Experts are predicting an increase in tick-borne diseases like Lyme disease this season. Find out how to protect yourself—and what to do if you get bitten by a tick.
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- Stories by Kristen Thometz
Stories by Kristen Thometz
What the nearly complete skeleton of a 2 1/2-year-old child tells researchers about the history the human spine – and human evolution.
Researchers at UIC will focus on understanding tissue regeneration and spearheading future developments in stem cell biology as a means to repair diseased organs and tissues.
Former gang members cited a lack of recreational activities and the rush of adrenaline they got from participating in gang violence as reasons for joining gangs, according to a new study.
As museum director, the Yale graduate will lead the design, development and operation of the Obama Presidential Center’s museum, according to the Obama Foundation.
MK Czerwiec began writing comics as a way to cope with the challenges of being an AIDS nurse during the height of the epidemic. Now, she’s hoping to use comics as a way to begin conversations around caregiving.
Two years ago, Park Ridge resident Kentaro Yamada began work on a series of human interest portraits – with a twist: each would include a prized possession levitating before the subject’s eyes.
The BiAffect app, the winner in a contest using Apple’s Research Kit, was developed to predict manic episodes and depressive moods in people with bipolar disorder, based on how they interact with their cellphones.
More than 3,600 Chicagoans living with HIV received primary care services during the first year of a partnership between the Chicago Department of Public Health, University of Illinois at Chicago and Howard Brown Health.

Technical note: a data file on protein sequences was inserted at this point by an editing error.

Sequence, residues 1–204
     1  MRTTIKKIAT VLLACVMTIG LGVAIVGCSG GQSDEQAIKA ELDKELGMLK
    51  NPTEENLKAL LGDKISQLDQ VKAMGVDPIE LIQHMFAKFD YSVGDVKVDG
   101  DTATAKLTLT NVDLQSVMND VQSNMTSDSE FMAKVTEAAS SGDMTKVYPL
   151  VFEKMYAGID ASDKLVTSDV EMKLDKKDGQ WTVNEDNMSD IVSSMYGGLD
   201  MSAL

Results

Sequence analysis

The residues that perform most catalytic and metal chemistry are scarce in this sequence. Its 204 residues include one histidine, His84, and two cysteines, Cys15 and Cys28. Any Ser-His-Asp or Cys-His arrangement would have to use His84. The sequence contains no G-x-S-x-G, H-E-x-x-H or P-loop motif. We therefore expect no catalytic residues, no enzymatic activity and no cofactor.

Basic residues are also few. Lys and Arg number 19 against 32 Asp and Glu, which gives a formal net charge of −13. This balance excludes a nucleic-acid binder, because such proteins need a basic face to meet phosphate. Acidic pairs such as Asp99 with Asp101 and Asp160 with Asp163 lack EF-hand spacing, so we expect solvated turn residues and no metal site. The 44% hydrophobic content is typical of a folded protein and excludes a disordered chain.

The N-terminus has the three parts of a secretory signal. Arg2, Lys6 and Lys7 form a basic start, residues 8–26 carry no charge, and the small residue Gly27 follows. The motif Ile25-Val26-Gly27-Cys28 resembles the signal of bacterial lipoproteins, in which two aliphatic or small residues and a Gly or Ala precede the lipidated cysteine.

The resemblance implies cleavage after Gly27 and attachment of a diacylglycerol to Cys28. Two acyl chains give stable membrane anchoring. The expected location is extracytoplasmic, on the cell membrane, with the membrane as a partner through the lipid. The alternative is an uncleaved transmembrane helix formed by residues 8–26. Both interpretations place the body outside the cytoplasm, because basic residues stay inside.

Starting July 1, visitors to the Shedd can experience nearly all the aquarium has to offer for one price. And for Chicago residents, this means potential savings of nearly 50 percent.
Infertile mice with 3-D printed ovaries were able to give birth to healthy pups, according to a new study from Northwestern University.
Leaving segregated neighborhoods reduces blood pressure in African-Americans, according to the findings of a 25-year longitudinal study.
Starting next week, the Lakefront Trail will be closed between Diversey and North avenues as the project to separate the bike and pedestrian paths continues.
Each year 60 million Americans experience heartburn. A nonprofit now hopes stronger labeling on over-the-counter medicines for heartburn will increase awareness of its association with esophageal cancer.
The recently installed “Flying Creatures Initiative” on the southeast corner of Wabash Avenue and Randolph Street is part of the city’s Year of Public Art.
Annual physicals often come with a roster of tests, and the results of those tests can leave many of us scratching our heads. Scientists at the University of Illinois are trying to change that.
It may not seem like gardening weather, but The Organic Gardener Jeanne Nolan says now’s the ideal time to plant lettuces, radishes and peas which thrive in cooler temperatures.
“I started Simple Mills with that mission of cleaning up the inner grocery aisles and taking processed foods and making them unprocessed and out of simple, whole food ingredients that you can pronounce,” said CEO Katlin Smith.
Feasting while dieting may sound counterintuitive, but a new study found that dieters who alternated between feasting and fasting lost as much weight as those who cut calories.
Cook County Department of Public Health officials are reminding residents that bats become active this time of year, which means the possibility of exposure to rabies is increasing.
Food allergies affect 15 million Americans and cause approximately 30,000 emergency department visits each year. Can the restaurant industry help bring these figures down?
While it’s well-known that binge drinking can pose serious health and safety risks, UIC researchers will study whether binge drinking is related to cardiovascular disease in young adults who are not predisposed to the condition.
It’s a TV show everyone is talking about, but with suicide a leading cause of death among youth, mental health experts are concerned about the message “13 Reasons Why” is sending.
A new study finds that youth who specialize in individual sports like tennis and gymnastics are more likely to suffer overuse injuries than those who participate in football and other team sports.